Experts highlight obstacles in justice for child abuse cases in Uganda

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Experts highlight obstacles in justice for child abuse cases in Uganda
Emmanuel Ahimbisibwe, National Director Compassion International Uganda speaking to the media

As Uganda prepares to host the 2024 continental commemoration of the Day of the African Child (DAC) this Sunday, experts are drawing attention to the numerous obstacles hindering the path to justice in child protection and abuse cases.

Furthermore, experts have criticized parents and guardians who accept gifts from child rights abusers and choose to settle privately, thereby denying justice to the victims.

These concerns were raised during events organized by Compassion International and which brought together religious leaders to discuss children's rights.

Emmanuel Ahimbisibwe, the national director of Compassion International Uganda, expressed significant concerns about the persistent challenges facing child protection in the country. Despite efforts to reach vulnerable children through partnerships with local churches, systemic issues continue to impede progress.

Ahimbisibwe noted that although many child protection and abuse cases are reported, the journey to justice is riddled with obstacles.

"For instance, in some communities, beating a child severely is not considered child abuse," he explained. This cultural acceptance of corporal punishment poses a significant barrier to protecting children.

Additionally, harmful traditional practices such as female genital mutilation (FGM) remain prevalent. Ahimbisibwe highlighted that many communities do not recognize the detrimental effects of these practices, further complicating efforts to ensure the well-being of children.

One major impediment, Ahimbisibwe revealed, is the community-based handling of abuse cases, which often involves local leaders and parents resolving matters privately, usually in exchange for gifts.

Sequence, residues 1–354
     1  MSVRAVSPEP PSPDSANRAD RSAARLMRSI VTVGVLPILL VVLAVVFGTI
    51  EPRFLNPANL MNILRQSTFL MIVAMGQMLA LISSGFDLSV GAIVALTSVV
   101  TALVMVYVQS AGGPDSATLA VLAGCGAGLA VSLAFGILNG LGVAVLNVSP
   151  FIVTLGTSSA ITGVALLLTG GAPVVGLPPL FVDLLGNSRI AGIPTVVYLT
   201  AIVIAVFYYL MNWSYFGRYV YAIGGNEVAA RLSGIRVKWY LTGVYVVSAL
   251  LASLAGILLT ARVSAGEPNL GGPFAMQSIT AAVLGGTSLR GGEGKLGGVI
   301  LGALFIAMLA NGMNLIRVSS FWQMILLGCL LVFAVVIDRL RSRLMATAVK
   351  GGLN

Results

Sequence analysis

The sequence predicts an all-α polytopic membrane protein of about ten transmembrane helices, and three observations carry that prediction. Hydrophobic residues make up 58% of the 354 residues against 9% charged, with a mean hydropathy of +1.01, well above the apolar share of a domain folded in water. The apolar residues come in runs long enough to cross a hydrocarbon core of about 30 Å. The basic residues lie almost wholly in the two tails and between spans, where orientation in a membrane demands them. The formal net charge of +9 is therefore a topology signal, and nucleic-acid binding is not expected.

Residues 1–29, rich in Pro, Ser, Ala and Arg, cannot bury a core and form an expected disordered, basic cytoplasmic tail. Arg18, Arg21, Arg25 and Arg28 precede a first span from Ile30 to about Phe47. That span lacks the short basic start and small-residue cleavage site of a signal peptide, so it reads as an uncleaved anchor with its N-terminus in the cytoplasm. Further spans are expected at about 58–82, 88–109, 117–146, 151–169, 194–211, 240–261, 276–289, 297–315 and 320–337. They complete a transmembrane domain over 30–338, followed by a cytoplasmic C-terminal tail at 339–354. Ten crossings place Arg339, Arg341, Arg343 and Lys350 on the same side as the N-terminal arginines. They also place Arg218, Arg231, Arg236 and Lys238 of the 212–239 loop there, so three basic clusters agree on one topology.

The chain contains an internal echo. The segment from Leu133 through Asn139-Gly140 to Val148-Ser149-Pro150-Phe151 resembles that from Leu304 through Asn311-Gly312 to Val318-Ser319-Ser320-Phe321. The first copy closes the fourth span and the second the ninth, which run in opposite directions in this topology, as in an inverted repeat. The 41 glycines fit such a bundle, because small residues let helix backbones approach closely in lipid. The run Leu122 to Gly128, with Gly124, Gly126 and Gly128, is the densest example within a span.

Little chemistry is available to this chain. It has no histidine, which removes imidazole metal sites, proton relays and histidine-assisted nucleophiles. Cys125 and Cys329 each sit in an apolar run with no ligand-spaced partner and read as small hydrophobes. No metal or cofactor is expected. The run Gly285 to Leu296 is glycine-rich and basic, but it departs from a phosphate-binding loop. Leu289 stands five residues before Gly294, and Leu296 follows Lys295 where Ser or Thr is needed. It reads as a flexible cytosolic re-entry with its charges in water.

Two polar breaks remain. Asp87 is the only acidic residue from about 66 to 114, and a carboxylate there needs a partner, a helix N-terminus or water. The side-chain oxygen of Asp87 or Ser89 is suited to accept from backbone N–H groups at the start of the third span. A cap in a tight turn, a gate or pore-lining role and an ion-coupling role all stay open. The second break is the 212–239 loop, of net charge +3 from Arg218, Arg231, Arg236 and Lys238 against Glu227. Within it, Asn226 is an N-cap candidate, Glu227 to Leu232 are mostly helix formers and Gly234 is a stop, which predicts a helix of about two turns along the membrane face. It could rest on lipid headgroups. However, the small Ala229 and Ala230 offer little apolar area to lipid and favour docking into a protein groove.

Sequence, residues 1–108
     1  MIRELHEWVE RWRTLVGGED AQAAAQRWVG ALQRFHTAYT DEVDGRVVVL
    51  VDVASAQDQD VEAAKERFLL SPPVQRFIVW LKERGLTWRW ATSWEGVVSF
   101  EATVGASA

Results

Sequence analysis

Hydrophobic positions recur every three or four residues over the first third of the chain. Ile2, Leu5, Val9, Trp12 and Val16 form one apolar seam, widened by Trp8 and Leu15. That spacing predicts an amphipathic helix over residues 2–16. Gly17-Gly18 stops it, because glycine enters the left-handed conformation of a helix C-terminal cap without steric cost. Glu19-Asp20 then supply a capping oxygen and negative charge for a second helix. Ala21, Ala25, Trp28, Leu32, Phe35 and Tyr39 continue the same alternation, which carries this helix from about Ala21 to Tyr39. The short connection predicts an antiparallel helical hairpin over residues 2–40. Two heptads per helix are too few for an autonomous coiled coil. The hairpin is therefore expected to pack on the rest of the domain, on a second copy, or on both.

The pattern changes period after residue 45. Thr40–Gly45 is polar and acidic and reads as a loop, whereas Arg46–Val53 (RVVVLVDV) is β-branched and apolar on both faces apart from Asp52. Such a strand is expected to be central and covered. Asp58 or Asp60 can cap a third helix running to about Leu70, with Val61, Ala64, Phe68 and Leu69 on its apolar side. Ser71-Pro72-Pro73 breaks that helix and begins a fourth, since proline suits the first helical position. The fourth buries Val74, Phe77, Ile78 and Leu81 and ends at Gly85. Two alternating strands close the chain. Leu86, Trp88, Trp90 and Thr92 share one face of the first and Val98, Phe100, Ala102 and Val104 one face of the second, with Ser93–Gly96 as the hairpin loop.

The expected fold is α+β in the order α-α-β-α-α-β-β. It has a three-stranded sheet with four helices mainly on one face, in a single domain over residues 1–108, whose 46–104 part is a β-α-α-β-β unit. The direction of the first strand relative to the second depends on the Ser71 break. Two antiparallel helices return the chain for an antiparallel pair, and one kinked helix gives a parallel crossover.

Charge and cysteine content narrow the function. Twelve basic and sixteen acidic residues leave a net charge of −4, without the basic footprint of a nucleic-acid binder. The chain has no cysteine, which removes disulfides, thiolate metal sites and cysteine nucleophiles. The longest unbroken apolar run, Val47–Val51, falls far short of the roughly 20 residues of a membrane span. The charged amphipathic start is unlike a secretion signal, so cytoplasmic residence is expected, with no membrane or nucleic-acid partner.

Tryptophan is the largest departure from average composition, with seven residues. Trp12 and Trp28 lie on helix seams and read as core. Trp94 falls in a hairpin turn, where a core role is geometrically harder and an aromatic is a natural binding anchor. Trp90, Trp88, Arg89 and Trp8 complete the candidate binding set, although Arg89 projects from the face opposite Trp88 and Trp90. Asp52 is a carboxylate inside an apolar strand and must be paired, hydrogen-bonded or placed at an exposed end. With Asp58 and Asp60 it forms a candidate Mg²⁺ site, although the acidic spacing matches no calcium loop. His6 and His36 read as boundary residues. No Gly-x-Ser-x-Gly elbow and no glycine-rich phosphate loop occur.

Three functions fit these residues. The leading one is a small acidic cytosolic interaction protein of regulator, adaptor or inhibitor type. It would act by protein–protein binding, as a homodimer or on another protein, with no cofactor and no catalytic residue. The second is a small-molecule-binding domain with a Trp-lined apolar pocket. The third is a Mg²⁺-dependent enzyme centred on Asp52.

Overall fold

"They receive goods, like alcohol, and choose to settle things out of court. This significantly hampers the pursuit of justice for the child," he lamented.

He also emphasized the organization's struggle with limited resources amidst growing needs.

"We have minimal tools to effectively reach out to those in need, and we are constrained," he stated, urging increased support from partners and stakeholders to address these challenges and make a substantial impact on the lives of children.

Bishop Enos Kitto Kagodo of Mukono Diocese encouraged everyone to view children as gifts from God.

"God has entrusted us with the responsibility of caring for these young ones on His behalf. This means that we must show them love in a godly manner."

He added, "As parents, it is our duty to guide and discipline them, showing them the right path to follow."

Bishop Kagodo challenged parents to refrain from relinquishing the responsibility of caring for their children to the government, reminding them that "they are our own."

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